Join the LHSC Paediatric Rheumatology team and raise money to support treatment of Juvenile Idiopathic Arthritis!

Cassie and friends

August 30, 2022

Photo: From left to right: Dr. Roberta Berard; Danielle Diotte, RN; Michelle Diebold, RN; Lori Sheidow, MSW; Cindy Stewart, Physiotherapist.

Juvenile Idiopathic Arthritis (JIA) affects one in 1,000 Canadian children. In Canada, there are 25, 000 people living with JIA.

JIA is considered if a child under 16 years of age develops joint inflammation that lasts longer than six weeks, and other causes have been ruled out. There are a range of symptoms of JIA, which include:

  • Joint swelling and pain
  • Joints can be warm to the touch
  • A high fever lasting at least two weeks and pink rash
  • Joints that are stiff in the morning and improve over the day
  • Some children with JIA may develop eye inflammation, which is called Uveitis.

Over the longer term, if arthritis is left untreated, muscles and other soft tissue around the joint may weaken and bone growth may be affected.

LHSC Paediatric Rheumatology

London Health Sciences Centre (LHSC) has a Paediatric Rheumatology department that helps treat and manage the symptoms of JIA for patients under the age of 18. Dr. Roberta Berard, Paediatrician, notes that JIA symptoms can be challenging for a child to deal with as it not only affects their growth and development but, “JIA can also negatively affect social aspects of children’s lives. Other children, and adults, may not understand that kids with JIA require breaks from physical activity, for example.”

You can read an account from a youth (not currently treated at LHSC) who describes what it’s like living with juvenile arthritis here.

Cassie + Friends walk/run event

Cassie + Friends is the only charity in Canada that dedicates 100% to the paediatric rheumatic disease community. Rooted in four pillars, they champion research, information, connection and support for paediatric rheumatic diseases. Cassie and Friends began in British Columbia, but has branched out to include hubs in most paediatric rheumatology centres across Canada with parent champions who have taken on the hosting responsibilities for their own local events to raise awareness and fundraise.

There is a London event that will be held at Gibbons Park on September 25 that raises money for LHSC’s Paediatric Rheumatology department.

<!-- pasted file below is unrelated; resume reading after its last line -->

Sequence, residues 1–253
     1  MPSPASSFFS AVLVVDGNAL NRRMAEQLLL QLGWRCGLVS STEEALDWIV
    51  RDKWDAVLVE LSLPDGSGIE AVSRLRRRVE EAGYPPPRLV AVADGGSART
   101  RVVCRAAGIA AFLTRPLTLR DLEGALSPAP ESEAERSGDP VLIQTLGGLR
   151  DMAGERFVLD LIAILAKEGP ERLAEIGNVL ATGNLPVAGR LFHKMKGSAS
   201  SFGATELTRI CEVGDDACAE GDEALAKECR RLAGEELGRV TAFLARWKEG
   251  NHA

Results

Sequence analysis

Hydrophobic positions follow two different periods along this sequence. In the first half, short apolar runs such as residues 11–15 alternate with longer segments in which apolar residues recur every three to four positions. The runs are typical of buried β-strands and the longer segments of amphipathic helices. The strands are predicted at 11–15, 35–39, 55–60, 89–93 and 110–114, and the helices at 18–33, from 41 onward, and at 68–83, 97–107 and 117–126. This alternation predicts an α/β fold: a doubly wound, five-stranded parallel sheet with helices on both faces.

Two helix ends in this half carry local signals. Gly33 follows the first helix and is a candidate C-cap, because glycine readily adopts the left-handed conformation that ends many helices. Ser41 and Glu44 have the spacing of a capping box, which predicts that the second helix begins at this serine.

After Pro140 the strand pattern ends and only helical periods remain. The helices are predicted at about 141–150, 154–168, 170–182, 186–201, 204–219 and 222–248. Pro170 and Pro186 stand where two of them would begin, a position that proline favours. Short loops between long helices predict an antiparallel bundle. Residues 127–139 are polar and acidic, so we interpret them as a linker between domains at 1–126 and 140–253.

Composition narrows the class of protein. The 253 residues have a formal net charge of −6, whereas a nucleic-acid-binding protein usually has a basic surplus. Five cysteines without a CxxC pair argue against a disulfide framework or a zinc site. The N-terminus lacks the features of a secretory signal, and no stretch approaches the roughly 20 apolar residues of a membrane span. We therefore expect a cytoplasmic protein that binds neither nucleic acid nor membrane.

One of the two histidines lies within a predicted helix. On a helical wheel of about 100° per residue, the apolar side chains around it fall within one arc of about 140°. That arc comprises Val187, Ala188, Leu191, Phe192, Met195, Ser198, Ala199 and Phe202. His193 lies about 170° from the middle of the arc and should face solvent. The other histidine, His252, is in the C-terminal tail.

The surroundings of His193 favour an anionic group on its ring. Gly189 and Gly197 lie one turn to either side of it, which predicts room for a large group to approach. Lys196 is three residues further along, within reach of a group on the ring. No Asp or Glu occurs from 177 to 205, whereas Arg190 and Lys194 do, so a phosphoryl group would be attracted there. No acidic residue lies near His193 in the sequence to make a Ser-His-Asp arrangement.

Funds raised from the Cassie + Friends walk/run have helped the LHSC department purchase two Dermlite scopes (a specialized light that highlights skin lesions that are important to detect and monitor some rheumatic diseases), items used for paediatric rheumatology procedures, supplies for an emergency support cupboard in the Paediatric Medical Day Unit (PMDU), and other items that help patients and their families with hospital visits and symptom management/treatment.

All of the money raised at the London event goes to LHSC’s Paediatric Rheumatology department. The Cassie + Friends organization does not take any cut of the donations.

The Cassie + Friends London walk/run is in full swing this year and is offering virtual and in-person options to participate. If you want to participate or support LHSC’s Paediatric Rheumatology team, you can join their team, create your own team, donate to the LHSC team or to the individual LHSC participants. You can visit the Team Cassie + Friends London site to donate to the team and/or register for the event.

WHAT YOU NEED TO KNOW:

Date and time: Sunday, September 25 at 10:00 a.m.

Location: Gibbons Park (Grosvenor Street, London, ON)

REGISTRATION DETAILS:

  • In-Person Walk/Run - $25
  • Kids In-Person Walk/Run - $15
  • Virtual Walk/Run - $15

Registration costs cover a Team C+F technical running t-shirt, use of the fundraising platform, professional on-site photographer and celebratory cupcakes and beverages.

LHSC team name: Children’s Hospital, LHSC Pediatric Rheumatology

QUESTIONS?

Email the event contact, Jennifer Wilson, at info@cassieandfriends.ca.

The contact person is also noted on the London event website at the bottom of the page.